Step 3: Admit wrongdoing

“I was wrong.”

Oh, those three words are so hard to say.

The truth is no one likes to be wrong — not adults and certainly not children. But those three words hold such power when it comes to resolving a conflict.

As you’ve listened to your child share about conflict, help them see where they may have been wrong or could have made a better choice.

Bonus tip: Your child will be a whole lot more comfortable admitting wrongdoing if they’ve heard you do the same. When you make a mistake as a parent, do you go to your child saying “I was wrong?” If not, consider it. A deep bond forms between two people when they can freely admit their weaknesses and mistakes — especially when those two people are parent and child.

Step 4: Apologize well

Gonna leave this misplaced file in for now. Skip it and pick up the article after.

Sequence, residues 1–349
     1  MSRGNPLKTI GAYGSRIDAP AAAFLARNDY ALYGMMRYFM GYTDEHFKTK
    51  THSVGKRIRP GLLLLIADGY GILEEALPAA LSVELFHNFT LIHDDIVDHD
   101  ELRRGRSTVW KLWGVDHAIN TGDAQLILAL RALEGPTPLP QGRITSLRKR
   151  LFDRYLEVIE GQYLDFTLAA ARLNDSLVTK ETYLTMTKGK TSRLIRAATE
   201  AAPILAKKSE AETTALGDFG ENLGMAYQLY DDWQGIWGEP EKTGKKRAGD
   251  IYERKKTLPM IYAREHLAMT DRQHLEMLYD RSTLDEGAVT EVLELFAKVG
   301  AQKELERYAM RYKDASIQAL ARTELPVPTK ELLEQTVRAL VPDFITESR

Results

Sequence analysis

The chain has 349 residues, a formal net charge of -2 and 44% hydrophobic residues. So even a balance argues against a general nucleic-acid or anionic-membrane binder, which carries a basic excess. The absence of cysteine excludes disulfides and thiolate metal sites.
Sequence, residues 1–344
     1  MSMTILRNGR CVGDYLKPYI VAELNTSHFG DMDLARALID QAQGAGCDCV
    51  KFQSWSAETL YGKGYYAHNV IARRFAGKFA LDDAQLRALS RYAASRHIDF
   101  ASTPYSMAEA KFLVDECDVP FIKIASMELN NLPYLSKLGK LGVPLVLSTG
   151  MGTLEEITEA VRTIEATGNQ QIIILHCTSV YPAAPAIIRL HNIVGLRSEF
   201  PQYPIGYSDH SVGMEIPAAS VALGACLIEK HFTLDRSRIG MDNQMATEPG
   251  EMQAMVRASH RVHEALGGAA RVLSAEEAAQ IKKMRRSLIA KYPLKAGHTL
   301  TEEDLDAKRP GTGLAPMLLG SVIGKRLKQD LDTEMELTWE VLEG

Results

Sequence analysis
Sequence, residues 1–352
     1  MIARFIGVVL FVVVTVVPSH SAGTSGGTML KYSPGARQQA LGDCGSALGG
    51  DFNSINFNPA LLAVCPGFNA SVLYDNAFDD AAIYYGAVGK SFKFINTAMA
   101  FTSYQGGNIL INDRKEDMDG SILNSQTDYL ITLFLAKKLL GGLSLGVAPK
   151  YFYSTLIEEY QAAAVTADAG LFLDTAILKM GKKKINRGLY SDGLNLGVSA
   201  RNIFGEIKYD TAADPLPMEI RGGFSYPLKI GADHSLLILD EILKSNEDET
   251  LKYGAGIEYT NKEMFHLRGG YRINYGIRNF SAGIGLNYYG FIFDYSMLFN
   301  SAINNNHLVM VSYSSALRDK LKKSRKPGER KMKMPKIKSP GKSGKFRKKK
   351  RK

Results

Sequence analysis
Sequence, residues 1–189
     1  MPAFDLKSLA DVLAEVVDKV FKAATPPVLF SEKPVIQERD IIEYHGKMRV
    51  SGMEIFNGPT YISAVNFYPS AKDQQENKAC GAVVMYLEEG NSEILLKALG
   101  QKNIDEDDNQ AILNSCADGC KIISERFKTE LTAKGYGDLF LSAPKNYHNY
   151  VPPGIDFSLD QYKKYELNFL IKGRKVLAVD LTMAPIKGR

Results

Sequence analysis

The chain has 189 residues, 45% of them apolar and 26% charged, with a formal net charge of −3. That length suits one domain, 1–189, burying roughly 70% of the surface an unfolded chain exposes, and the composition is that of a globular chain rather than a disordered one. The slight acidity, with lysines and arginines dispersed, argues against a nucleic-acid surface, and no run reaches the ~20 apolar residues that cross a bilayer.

It’s now time to resolve the conflict fully by using words to apologize well. Here are three ways to help your child make an apology that’s more than just the rote recitation of two very overused words.

  1. Be specific. Instead of saying, “I’m sorry,” teach your child to be specific. For example: “I’m sorry that I pushed you to get to the front of the line.”
  2. Take responsibility. An apology states what the offending party did. It makes no mention of someone else’s wrong. Teach your child to take responsibility for his or her actions alone.
  3. Give space. Let your child know that the person they’re apologizing to may not be ready to hear it. That’s okay. Your child can take the right step regardless of the response received.
Beyond the Classroom

Conflict is an inescapable part of life for your child. It will come — in the classroom, in the neighborhood, in the home, and on the playground.

While it won’t be easy to keep your backside on the bench, the next time a quarrel breaks out, try to watch and wait. The greatest lesson your child learns that day may be unfolding right before your eyes.

And if they do need a little guidance, you’ll be ready to help them through it every step of the way.